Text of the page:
Buy the Best Car Seat

by Joe Kita

Seventy-five percent of kids are not as secure when riding in a car as they should be, and it’s not because mom is on the phone or dad is listening to Coldplay at full volume. Rather, according to the National Highway Traffic Safety Administration (NHTSA), it’s because the car seat is being used incorrectly. As a new dad, it’s natural to feel overwhelmed by the different brands, features, and installation intricacies of these things. After all, your back-seat talents are limited to snaps and clasps of a much different variety. Here’s a checklist to buying and using a child seat right:

Buy a ‘rear-facing infant model’: Don’t be tempted to save money by purchasing a convertible seat that promises to accommodate your child for many years. That’s like buying a bike for him to grow into. You want a rear-facing infant seat. These models are for babies up to about 20 pounds, plus their design (removable carrier and pivoting handle) eases transfer.

Check the ratings: The NHTSA rates dozens of infant seats in five categories including “securing the child” and “overall ease of use” at http://www.nhtsa.gov/Safety/Ease-of-Use. For $5.95 you can also access Consumer Reports’ buying advice, test results, and model recommendations at www.consumerreports.org.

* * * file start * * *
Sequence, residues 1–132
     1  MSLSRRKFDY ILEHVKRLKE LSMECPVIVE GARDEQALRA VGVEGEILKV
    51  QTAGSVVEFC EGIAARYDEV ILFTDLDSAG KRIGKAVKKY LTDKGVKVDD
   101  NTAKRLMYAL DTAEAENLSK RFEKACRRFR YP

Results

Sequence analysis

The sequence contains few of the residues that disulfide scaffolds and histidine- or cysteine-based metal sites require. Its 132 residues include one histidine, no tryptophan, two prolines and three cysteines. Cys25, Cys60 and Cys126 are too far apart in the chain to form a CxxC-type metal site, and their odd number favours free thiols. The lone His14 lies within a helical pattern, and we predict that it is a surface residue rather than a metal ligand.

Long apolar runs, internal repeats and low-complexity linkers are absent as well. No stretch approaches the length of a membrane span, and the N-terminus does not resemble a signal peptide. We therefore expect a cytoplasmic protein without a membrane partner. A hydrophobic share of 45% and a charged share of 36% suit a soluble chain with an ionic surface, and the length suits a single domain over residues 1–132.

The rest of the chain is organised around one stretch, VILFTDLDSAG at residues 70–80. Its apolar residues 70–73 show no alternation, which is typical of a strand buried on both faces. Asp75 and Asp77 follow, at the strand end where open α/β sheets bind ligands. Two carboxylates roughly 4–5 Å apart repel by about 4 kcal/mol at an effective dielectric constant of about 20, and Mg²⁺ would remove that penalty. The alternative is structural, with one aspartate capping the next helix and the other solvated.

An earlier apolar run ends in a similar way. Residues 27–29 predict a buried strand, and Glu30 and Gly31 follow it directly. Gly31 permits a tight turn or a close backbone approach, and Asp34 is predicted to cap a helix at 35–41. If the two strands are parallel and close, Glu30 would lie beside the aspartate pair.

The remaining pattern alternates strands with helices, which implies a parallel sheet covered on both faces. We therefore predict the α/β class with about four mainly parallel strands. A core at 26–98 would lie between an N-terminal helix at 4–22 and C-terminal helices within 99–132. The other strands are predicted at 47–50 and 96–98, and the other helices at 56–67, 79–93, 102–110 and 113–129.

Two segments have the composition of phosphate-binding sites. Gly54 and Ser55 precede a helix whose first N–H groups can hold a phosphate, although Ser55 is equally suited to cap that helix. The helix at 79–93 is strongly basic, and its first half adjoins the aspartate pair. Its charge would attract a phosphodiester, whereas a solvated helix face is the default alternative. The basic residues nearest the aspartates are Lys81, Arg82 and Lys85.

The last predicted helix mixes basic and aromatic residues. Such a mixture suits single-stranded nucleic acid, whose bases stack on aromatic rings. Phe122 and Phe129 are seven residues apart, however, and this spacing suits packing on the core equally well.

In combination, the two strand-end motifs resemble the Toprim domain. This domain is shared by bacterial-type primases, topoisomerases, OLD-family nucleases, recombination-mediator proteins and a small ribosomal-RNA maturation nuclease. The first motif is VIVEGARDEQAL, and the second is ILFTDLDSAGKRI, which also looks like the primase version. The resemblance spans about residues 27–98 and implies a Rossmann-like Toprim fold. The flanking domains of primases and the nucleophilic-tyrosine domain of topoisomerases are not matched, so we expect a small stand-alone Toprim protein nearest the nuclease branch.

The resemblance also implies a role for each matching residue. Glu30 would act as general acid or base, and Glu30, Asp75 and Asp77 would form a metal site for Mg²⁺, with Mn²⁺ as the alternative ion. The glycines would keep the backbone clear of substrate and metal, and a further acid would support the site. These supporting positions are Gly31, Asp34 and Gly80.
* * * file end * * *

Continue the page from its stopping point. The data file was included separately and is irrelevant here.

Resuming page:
Look for this on the label: This child restraint system conforms to all applicable U.S. Federal Motor Vehicle Safety Standards.” If that’s not there, don’t buy it.

Install it carefully: This is where most mistakes are made. Read the car seat’s instruction booklet and your vehicle’s owner manual. Then, before you ever put the baby in, take it to a local child-safety-seat inspection station to have it double-checked. You can find the nearest one by using the locator at http://www.nhtsa.gov/Safety/CPS.

Register for recalls: If you register your car seat with the NHTSA, it’ll notify you of problems or recalls. Register here (http://www-odi.nhtsa.dot.gov/cars/problems/recalls/register/childseat/index.cfm) and also with the manufacturer directly to be doubly safe.